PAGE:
The numbers give Joe Biden ample reason for confidence about the election. Only 42 percent of voters, according to polling averages published by FiveThirtyEight and RealClearPolitics, currently support the Republican incumbent’s reelection. When asked, “Do you approve or disapprove of the job Donald Trump is doing as president?”—the wording used by many polling organizations—only about 43 percent of Americans say they approve.
Although only about 2 percent of voters are still undecided, Trump stands before a nearly insurmountable wall. America has never had a president whose disapproval rating, since the first month of his presidency, has been higher than his approval rating. Two weeks before the election, more than 50 percent of voters think he is doing a bad job and plan to vote for his opponent. Many already have. As a Democratic pollster, I am delighted by all the evidence that most of the country will reject Trump, his racism, his values, his policies, and his vision for America.
Even so, 43 percent of Americans approve of how Trump is doing. Consider the implications for both parties and the nation. These voters approve after 215,000 people have died from the coronavirus; after 25 million ended up on unemployment insurance; after The New York Times found that Trump had paid only $750 in taxes in his first year as president and owes hundreds of millions of dollars to his creditors; after The Atlantic reported that he called American soldiers who died in battle “suckers” and “losers.”
Yet if Democrats win the presidency—and even both houses of Congress—their difficulties will burgeon the day Trump leaves office. Not only must they hold their own coalition together as they contend with the coronavirus and the economic crisis that it created, but they will face fierce opposition from the voters who support Trump despite everything. Far from being chastened into moderating the GOP’s rhetoric and cooperating with a new administration, the remaining elements of a vanquished Republican Party will likely become more extreme. It’s happened before.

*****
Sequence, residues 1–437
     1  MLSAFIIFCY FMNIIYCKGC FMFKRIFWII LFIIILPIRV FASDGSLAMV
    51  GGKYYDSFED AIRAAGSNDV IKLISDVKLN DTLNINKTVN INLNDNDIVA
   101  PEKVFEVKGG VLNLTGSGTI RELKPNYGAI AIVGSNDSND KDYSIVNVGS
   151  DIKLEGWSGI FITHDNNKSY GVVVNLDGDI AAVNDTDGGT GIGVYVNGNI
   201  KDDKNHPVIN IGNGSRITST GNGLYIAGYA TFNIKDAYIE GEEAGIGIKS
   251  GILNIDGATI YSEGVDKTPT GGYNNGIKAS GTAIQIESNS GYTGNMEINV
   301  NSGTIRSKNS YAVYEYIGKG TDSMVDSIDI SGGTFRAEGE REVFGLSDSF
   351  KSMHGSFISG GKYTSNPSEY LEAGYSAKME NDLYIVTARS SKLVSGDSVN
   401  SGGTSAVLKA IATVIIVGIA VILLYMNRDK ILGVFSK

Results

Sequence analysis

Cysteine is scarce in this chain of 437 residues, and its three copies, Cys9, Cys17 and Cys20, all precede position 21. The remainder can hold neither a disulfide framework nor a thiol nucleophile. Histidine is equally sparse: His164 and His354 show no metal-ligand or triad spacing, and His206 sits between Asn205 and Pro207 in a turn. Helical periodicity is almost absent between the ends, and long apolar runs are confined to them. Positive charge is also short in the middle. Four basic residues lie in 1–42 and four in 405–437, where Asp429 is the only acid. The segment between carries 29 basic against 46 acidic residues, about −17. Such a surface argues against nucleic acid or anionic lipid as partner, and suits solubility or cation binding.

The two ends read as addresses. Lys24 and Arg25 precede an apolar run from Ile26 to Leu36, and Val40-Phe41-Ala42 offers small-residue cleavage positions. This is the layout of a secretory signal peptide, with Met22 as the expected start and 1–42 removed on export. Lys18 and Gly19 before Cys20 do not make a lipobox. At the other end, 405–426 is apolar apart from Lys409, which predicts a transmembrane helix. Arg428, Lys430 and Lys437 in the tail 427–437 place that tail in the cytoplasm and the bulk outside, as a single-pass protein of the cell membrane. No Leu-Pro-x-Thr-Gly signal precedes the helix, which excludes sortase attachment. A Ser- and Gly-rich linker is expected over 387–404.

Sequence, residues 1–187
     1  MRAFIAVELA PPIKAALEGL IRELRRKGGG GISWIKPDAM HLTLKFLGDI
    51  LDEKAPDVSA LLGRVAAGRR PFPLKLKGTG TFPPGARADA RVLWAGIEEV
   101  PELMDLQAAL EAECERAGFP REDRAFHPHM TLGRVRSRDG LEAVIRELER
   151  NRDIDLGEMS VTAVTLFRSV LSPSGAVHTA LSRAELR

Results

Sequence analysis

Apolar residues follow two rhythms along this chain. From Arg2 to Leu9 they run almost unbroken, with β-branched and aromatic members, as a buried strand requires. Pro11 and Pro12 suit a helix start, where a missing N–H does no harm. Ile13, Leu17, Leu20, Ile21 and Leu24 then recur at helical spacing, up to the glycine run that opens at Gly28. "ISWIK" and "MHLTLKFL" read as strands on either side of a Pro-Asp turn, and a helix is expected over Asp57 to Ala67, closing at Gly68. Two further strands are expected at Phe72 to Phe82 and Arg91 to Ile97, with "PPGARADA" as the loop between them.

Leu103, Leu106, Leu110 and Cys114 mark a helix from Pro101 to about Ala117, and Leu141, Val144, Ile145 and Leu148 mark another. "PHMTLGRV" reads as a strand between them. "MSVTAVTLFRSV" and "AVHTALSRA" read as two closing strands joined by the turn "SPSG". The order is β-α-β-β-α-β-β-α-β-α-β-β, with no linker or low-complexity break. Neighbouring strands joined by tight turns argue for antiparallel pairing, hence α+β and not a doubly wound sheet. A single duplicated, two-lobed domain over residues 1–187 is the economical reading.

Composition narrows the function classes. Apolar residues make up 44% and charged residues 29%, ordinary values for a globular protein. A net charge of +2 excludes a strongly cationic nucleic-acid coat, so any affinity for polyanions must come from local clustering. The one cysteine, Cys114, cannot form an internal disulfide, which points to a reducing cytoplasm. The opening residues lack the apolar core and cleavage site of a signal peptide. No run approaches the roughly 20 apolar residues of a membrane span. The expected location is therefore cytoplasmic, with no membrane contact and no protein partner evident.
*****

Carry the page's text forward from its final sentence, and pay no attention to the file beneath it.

During the primaries, Democrats were unified by their loathing of Trump: About 85 percent strongly disapproved of his performance in office, and a majority voted with laser focus for the candidate who could best defeat him. During the general-election campaign, Biden has gotten 95 percent of Democrats behind him, and gained the support of independents and Republicans alarmed by the incumbent.
If victorious, Democrats will be united around an agenda that includes defeating the coronavirus; providing economic relief to states, cities, and individuals, prioritizing the neediest Americans; large-scale infrastructure investment; a new Medicare-type public option for health insurance; a new research-centered Manhattan Project to address climate change; and much more. The demands of this moment will bring them together—even more so if the United States Supreme Court declares the Affordable Care Act unconstitutional.
But some divisions already are evident. Democrats supporting other candidates were slow to get behind Biden in the general election, according to my polls for Democracy Corps, the Center for Voter Information, and the American Federation of Teachers. Supporters of Senator Bernie Sanders did not fully embrace Biden until after the selection of Senator Kamala Harris as the vice-presidential nominee and the Democratic National Convention that featured Sanders and Senator Elizabeth Warren. Those supporting other candidates fully rallied to Biden only amid Trump’s ugly effort to jam a socially conservative justice into Ruth Bader Ginsburg’s Supreme Court seat.
You don’t have to dig very deep to expose the Democrats’ fissures. They are split fairly evenly between liberals to one side and moderates and conservatives to the other. The growing Millennial and Gen Z bloc will steer the party in a more liberal direction in the future, but Sanders won less than 30 percent of the primary vote. Justice Democrats, a progressive PAC founded by former Sanders campaign leaders, defeated some prominent Democrats in House primaries but fell short in others. At the moment, Republican defectors are decidedly more moderate. And the surging support for Democrats in the suburbs has swelled the centrist New Democrat Coalition in Congress, now larger than the Congressional Progressive Caucus.
But the Democrats’ divisions all look quite civil compared with the problems post-Trump Republicans will face. Trump built his base in the insurgent anti-government, anti-immigrant movement that, during the last recession, came to prominence as the Tea Party. Then he forged a pact with evangelical Christians, to whom he promised a steady supply of socially conservative federal judges, including on the Supreme Court. He also built a strong alliance with his party’s anti-abortion-rights observant Catholics—a constituency epitomized by Attorney General William Barr. So Trump campaigns unbowed atop a coalition that, by my estimate, constitutes 65 percent of his party. He has lost swing voters but kept his most avid fans. Among the voters who approve of Trump’s job performance, about 70 percent do so strongly.